Tag Archives: creative writing

Celebrate National Poetry Day

Today (3 October) is National Poetry Day here in the United Kingdom. This years theme is truth, although you can write about anything, https://nationalpoetryday.co.uk/celebrate-national-poetry-day/.

To celebrate National Poetry Day I am publishing my poem “Shadows On The Wall”:

“Shadows on the wall,

I recall.

One cannot catch a shade,

For it is made

Of moonbeams

And passing dreams”.

“Shadows On The Wall” can be found in “The Selected Poems of K Morris”, which is available in paperback and Kindle formats here, https://www.amazon.co.uk/dp/B07WW8WXPP/.

If you wish to share a poem you can use the hashtag #NationalPoetryDay.

Bingo Wings by Emily Roberts

My thanks to Emily Roberts for her kind permission to reproduce her poem “Bingo Wings”. This poem is copyright and may not be reproduced without the explicit written permission of Emily Roberts:

Bingo Wings

People with Bingo Wings are of low birth.

Am I looking for a job or am I just looking for a safe space?
Is my coffee routine the only routine I’ve got left?
I want a new look, …I dream of a…re-style, or shall I just shave
My hair off, like I’m being pruned.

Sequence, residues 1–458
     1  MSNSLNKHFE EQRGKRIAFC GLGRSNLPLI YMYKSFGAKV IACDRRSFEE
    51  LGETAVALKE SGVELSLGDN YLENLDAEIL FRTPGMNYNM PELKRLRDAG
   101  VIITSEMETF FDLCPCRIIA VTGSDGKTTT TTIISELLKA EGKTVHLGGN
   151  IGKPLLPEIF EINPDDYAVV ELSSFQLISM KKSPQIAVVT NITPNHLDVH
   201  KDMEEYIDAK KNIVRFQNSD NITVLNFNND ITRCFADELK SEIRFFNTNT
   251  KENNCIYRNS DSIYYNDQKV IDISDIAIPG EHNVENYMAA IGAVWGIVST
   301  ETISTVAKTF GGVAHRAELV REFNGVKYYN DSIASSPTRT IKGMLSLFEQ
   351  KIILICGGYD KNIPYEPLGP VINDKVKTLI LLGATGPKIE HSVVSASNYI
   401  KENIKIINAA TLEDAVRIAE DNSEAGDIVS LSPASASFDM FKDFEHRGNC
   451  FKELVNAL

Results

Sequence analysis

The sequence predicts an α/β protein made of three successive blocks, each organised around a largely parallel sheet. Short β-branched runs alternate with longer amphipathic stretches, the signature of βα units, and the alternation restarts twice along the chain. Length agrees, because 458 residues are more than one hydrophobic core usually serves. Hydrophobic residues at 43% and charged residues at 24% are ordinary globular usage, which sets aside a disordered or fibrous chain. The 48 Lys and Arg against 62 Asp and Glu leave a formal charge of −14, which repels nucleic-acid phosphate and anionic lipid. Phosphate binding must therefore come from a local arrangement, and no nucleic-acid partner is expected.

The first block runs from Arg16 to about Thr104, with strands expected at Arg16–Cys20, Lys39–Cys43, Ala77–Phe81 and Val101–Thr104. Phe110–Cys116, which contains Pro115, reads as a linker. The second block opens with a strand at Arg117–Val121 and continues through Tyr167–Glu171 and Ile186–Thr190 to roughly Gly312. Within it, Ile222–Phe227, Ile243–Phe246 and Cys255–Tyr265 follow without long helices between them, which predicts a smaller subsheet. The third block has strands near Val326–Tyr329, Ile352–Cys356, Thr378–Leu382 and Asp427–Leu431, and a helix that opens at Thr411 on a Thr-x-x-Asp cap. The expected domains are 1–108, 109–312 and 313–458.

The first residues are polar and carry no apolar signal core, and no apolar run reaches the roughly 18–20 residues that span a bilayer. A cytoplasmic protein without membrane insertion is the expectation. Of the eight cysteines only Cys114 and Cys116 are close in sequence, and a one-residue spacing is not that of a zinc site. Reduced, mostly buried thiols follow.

We pull our hair out in wads…but we cannot get divorced from our haircuts…
Unique haircuts… Unique heads.
Sideburns to die for.
Groomed to within an inch of our lives.
But we don’t get paid for our style, or lack of it.
And it’s better not to be trapped in a room chasing a carrot,
I’ve grown into a curtain twitcher because people annoy me so much…
I’d recycle my brain if I could.
But we don’t want implants…
We don’t have implants we have great looking hair.
Even if we’re having a bad hair day.

I’m too old to recognized by anyone now…
People learn to get out of my gaze.
You must have special skills to face ‘us’
I cry on my own shoulder…armpit tears…slow release…
Maybe we’re only safe in the Bingo Hall.

Work was my place of worship, I could go home and be important if I was on a payroll…
And it’s nice to be conscious of being paid.